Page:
Brain represents tools as temporary body parts, study confirms

Jun 22, 2009
Brain
Credit: University of Wisconsin and Michigan State Comparative Mammalian Brain Collections and the National Museum of Health and Medicine

Researchers have what they say is the first direct proof of a very old idea: that when we use a tool—even for just a few minutes—it changes the way our brain represents the size of our body. In other words, the tool becomes a part of what is known in psychology as our body schema, according to a report published in the June 23rd issue of Current Biology.

"Since the origin of the concept of body schema, the idea of its functional plasticity has always been taken for granted, even if no direct evidence has been provided until now," said Alessandro Farnč of INSERM and the Université Claude Bernard Lyon. "Our series of experiments provides the first, definitive demonstration that this century-old intuition is true."

In the new study, Farnč, Lucilla Cardinali, and their colleagues reasoned that if one incorporates a used tool into the body schema, his or her subsequent bodily movements should differ when compared to those performed before the tool was used.

Indeed, that is exactly what they saw. After using a mechanical grabber that extended their reach, people behaved as though their arm really was longer, they found. What's more, study participants perceived touches delivered on the elbow and middle fingertip of their arm as if they were farther apart after their use of the grabbing tool.

People still went on using their arm successfully following after tool use, but they managed tasks differently. That is, they grasped or pointed to object correctly, but they did not move their hand as quickly and overall took longer to complete the tasks.

It's a phenomenon each of us unconsciously experiences every day, the researchers said. The reason you were able to brush your teeth this morning without necessarily looking at your mouth or arm is because your toothbrush was integrated into your brain's representation of your arm.

The findings help to explain how it is that humans use tools so well.

"We believe this ability of our body representation to functionally adapt to incorporate tools is the fundamental basis of skillful tool use," Cardinali said. "Once the tool is incorporated in the body schema, it can be maneuvered and controlled as if it were a body part itself."


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Source: Cell Press (news : web)

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User comments : 8

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NeilFarbstein
1 / 5 (2) Jun 22, 2009
They should investigate effects of computers as tools that affect the body schema and video games and steering wheels.
hypnosis
5 / 5 (2) Jun 23, 2009
Yeah,people and machines become one is the feeling.Drive a car,train and a giant dump truck e.t.c seems to incorporate a sense of being the transport as one's self,same if you ask any musician,they get a notion their instrument is part of them.Classic example are ventriloquists,the doll thinks and senses the human is a part of them,quite profoundly.Makes a change that age old intuition turns out to be correct against sciences numerous counter-intuition reports...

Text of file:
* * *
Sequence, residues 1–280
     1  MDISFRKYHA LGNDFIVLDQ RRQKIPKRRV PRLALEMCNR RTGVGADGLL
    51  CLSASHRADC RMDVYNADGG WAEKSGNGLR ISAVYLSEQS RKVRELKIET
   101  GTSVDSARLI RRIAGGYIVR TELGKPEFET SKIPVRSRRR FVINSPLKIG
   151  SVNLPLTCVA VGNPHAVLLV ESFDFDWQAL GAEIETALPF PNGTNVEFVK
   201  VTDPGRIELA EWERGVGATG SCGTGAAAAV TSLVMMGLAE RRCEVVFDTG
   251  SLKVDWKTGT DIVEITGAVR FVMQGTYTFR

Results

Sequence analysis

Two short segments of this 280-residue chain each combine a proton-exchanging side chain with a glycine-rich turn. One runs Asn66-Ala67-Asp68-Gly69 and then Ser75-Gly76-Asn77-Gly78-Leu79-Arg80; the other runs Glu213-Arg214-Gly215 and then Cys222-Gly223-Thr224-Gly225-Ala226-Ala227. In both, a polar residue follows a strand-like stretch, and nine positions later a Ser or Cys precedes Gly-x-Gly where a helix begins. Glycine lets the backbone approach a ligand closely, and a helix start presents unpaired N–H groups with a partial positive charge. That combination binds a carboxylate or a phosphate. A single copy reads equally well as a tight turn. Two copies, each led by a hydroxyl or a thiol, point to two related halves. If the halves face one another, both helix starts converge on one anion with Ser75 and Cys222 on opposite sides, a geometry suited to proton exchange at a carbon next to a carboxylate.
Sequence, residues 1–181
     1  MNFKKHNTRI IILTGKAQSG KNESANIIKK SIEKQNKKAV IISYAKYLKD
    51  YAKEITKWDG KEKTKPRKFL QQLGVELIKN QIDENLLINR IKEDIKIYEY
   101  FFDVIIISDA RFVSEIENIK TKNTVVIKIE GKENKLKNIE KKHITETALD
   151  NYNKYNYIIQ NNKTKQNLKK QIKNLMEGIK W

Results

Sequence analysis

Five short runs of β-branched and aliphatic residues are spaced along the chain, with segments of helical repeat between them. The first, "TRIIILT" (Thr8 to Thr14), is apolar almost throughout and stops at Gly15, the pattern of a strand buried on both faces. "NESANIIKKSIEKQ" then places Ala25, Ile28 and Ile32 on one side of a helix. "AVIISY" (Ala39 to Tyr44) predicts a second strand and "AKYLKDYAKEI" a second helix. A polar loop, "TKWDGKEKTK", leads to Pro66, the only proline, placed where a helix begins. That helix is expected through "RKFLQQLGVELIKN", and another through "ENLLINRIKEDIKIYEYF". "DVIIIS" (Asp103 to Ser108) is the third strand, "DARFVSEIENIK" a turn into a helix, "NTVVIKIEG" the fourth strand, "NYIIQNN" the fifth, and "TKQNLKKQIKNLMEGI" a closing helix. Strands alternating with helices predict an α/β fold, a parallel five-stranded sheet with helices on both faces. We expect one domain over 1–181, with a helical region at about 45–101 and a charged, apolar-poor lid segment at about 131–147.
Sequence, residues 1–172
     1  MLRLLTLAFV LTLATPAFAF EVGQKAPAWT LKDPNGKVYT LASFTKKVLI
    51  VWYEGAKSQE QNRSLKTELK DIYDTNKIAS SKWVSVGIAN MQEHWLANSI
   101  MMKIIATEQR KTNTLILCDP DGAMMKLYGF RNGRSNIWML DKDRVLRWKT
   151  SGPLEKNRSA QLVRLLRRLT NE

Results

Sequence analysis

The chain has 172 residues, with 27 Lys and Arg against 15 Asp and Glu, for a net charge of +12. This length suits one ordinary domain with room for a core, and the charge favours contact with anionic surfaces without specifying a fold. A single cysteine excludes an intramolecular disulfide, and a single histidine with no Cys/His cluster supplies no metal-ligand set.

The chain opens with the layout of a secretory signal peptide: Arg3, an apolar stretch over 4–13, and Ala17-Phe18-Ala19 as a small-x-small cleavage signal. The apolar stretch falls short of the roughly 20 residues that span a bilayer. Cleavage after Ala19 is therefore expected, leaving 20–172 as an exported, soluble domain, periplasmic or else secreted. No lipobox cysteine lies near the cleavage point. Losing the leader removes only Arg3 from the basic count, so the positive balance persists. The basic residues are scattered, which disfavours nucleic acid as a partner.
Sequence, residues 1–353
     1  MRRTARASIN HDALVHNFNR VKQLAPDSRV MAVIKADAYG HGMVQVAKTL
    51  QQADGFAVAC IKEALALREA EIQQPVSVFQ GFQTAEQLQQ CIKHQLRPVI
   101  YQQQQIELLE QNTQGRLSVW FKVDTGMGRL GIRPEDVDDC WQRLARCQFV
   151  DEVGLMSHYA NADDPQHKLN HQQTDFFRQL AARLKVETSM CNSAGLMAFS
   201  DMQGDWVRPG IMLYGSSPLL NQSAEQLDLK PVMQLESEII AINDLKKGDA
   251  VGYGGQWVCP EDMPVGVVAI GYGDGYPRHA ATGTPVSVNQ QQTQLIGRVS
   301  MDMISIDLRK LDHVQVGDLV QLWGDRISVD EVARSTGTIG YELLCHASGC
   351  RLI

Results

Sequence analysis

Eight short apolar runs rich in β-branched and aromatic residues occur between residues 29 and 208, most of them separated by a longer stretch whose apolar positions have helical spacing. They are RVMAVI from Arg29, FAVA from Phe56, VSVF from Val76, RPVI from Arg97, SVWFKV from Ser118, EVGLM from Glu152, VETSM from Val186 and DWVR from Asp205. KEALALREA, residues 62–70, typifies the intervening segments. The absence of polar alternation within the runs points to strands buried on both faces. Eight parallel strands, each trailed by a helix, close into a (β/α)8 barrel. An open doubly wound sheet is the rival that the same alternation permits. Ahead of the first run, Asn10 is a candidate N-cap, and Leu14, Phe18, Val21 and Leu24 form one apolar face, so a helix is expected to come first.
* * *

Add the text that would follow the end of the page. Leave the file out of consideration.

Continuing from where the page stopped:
russcelt
5 / 5 (2) Jun 23, 2009
Exactly! When I climbed into the cab of the eight axle, sixty ton semi-trailer truck toward the end of my driving career I had to think as if I were 13' 6" tall, 10' wide and 60' long to manoeuvre safely on the public roads. To not have done so for twenty five years would have endangered not only myself but the millions of other highway users I shared the roads with. For well over 1.5 million miles I was a safe iron giant.
designmemetic
5 / 5 (1) Jun 23, 2009
I would like to hear more about what specific parts of our brain our active during the alteration of our body schema. can they run this test under mri imaging? How does this compare to other animals such as monkeys and dolphins?
docknowledge
4 / 5 (1) Jun 23, 2009
Yes, good study. One of those that makes you think: "Come on, I knew that already." Or did I?
blubbber
not rated yet Jun 23, 2009
Of course you knew it already. And you typed, that proves it.

Anybody who is really interested in this should check out the work of Vilayanur Ramachandran at Cal. San Diego.
farmjunk
not rated yet Jun 23, 2009
WOW! After I read this, I noticed that when I try to sort though ideas and concepts in my head I often make my mind into a "computer desktop" (best way of describing it) and will move ideas around, delete and edit them. since the better part of my free time is spent on a computer it seems the action of a mouse has been incorporated into my body.
SMMAssociates
not rated yet Jun 27, 2009
I won't say that I already knew it, but I did sort of think about it, and seeing this article "fixes" the impression....

When helping my daughter learn how to drive a few years ago, I had the opportunity to try to figure out how I would do the maneuvering test if I had to do it. That led me back to the whole "be one with the car" thing....

Then, more recently, I had to do some cleaning in the office here, and I don't move or sit on the floor as well as I used to, so I used one of those "grabber" tools for a couple days. I was tempted to holster it....

What the brain is actually doing, I'm not sure, but the effect seems similar!